Because of his low key gravity, the First Minister might be tempted to display his verbal acrobatics. But no- one reaches the political heights the former Chancellor has achieved without a strong intelligence and a tactical mind. Mr Salmond will need to beware the use of emotive word pictures and sweeping generalisations in the face of the former Chancellor's attention to detail.

Nor is the man two dimensional. There are descriptions that wouldn't immediately occur when Mr Darling's picture flashes up; words like passionate, tribal and witty. Yet all apply. In his quiet way, he is a passionate politician deeply committed to his party and to the Union. And, off camera, he is funny.

What will also matter in this debate is his lack of ego. I'm not saying he doesn't have one. All politicians do. But, unlike most of them (Mr Salmond included) it doesn't seem to precede him into a room. He gives every impression of being a modest man.

That characteristic will spike one of Salmond's readiest weapons. He won't be as able to deflect the debate into personal comments.

Who could forget Mr Salmond's put-down of Gordon Brown after he succeeded Tony Blair as Prime Minister? Mr Brown had been dithering about an autumn election and then decided against. Mr Salmond dubbed him "a big fearty from Fife". Then, devastatingly, he added: "Those whom the Gods seek to destroy they first render ridiculous, and this shambles leaves Gordon Brown looking totally ridiculous."

I'm not sure Mr Brown ever recovered. But if Mr Salmond tries those tactics against Mr Darling, he risks coming off second best. It won't be because Mr Darling will retort in kind, it will be because Mr Salmond will look as though he's trying to win a serious political argument by playing the man instead of debating the issues; as well as which the insults will bounce off. Remember, Mr Darling survived the forces of hell without breaking a sweat.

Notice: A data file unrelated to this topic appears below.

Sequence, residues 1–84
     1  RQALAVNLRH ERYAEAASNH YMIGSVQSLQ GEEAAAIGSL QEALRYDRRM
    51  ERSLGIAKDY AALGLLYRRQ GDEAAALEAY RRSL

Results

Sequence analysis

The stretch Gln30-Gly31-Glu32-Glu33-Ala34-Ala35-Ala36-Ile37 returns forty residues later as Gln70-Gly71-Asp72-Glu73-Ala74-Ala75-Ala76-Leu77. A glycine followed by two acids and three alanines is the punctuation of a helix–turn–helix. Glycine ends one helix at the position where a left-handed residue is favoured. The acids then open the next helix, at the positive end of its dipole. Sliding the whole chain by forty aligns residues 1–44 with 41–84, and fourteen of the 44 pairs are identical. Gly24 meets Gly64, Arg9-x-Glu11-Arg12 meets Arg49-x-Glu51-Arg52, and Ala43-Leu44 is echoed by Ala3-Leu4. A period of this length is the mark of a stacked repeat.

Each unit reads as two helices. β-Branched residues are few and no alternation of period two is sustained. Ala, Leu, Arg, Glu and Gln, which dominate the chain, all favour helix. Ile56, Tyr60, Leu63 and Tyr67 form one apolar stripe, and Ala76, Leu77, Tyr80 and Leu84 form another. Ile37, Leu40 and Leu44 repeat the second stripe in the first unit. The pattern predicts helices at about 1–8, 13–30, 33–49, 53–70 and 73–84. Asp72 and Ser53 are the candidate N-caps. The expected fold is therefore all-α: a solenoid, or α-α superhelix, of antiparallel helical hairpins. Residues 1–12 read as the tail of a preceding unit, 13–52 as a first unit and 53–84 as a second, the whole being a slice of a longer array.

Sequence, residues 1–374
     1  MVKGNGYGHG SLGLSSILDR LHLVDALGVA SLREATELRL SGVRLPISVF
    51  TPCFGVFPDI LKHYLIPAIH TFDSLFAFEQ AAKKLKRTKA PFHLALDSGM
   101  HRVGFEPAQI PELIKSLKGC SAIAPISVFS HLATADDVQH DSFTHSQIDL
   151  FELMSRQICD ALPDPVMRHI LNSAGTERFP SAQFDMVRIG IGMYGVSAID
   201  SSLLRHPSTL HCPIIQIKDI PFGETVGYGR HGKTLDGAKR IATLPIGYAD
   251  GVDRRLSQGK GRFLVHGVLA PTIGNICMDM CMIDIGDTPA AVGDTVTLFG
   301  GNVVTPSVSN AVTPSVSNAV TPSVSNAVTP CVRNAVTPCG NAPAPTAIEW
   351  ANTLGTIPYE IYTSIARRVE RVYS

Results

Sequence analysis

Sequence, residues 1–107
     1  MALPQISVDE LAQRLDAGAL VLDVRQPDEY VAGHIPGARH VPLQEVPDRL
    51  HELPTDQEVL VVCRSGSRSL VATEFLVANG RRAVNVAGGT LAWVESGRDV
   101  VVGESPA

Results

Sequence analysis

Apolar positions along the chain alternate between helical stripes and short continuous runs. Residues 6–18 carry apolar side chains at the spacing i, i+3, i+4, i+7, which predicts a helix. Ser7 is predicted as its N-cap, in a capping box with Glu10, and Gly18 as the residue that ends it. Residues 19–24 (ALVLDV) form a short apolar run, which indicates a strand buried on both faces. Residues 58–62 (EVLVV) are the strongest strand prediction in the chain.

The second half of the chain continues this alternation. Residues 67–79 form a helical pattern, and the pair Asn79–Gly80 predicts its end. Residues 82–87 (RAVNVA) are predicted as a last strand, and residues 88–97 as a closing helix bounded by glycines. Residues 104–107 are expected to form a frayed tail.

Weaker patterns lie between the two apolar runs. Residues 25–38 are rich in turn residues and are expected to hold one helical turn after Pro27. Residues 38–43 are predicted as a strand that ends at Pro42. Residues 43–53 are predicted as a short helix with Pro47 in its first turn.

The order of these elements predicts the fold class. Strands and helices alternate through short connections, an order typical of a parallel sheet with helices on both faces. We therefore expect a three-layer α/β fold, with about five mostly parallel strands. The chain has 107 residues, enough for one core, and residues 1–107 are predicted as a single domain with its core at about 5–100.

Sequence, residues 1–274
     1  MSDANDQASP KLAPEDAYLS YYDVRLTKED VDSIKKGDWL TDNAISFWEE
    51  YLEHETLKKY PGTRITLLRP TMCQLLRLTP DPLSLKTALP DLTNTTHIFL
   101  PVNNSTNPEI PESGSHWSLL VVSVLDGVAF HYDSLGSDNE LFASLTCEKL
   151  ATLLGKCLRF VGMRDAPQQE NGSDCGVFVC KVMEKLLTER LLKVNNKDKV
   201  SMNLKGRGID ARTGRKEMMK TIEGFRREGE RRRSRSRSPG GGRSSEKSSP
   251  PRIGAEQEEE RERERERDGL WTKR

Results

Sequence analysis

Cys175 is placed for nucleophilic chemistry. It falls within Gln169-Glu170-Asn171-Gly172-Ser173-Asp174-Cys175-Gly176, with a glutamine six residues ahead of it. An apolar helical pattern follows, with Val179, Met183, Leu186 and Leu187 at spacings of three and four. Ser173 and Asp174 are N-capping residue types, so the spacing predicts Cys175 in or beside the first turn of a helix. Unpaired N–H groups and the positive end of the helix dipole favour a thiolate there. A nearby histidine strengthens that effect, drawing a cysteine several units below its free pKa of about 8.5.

Mr Salmond will be forced to come back to the facts. The broad sweep will not do. Nor will clever slogans or sound-bites. If he resorts to quoting Burns, he will find Mr Darling waiting for the information that matters.

This is the point. Mr Darling cannot be dismissed easily. Mr Salmond, no doubt, would have accused Mr Cameron of presiding over the dismantling of the welfare state, of causing suffering to poor Scots. But Mr Darling, a Labour man, is a more difficult target. As Chancellor, he rescued the Scottish banks and, with only hours to spare, he safeguarded the deposits and savings of all of us.

This is not to eulogise him but to highlight the challenge facing the First Minister. As a voter in the referendum, I want a debate that deals with the complexities of independence. I want a discussion about issues and ideas. With Mr Darling, that's more likely what we'll get.

A television debate on an issue of such importance is not a contest of champions. It's to inform us properly on a choice of destiny. In 10 years, neither man will be in power (or it is highly unlikely). To that extent their personalities are irrelevant. We need to look and listen beyond them.

I spoke to a seasoned politician at the weekend. He told me he swithers between thinking the vote will be knife edge, to a Yes victory, to 60/40 for the Union. With so many people still undecided, who can call it?

That being the case, with September 18 approaching, it's essential that someone puts Mr Salmond and the arguments for independence under pressure. I think we have a decent chance of getting that now.

About time too.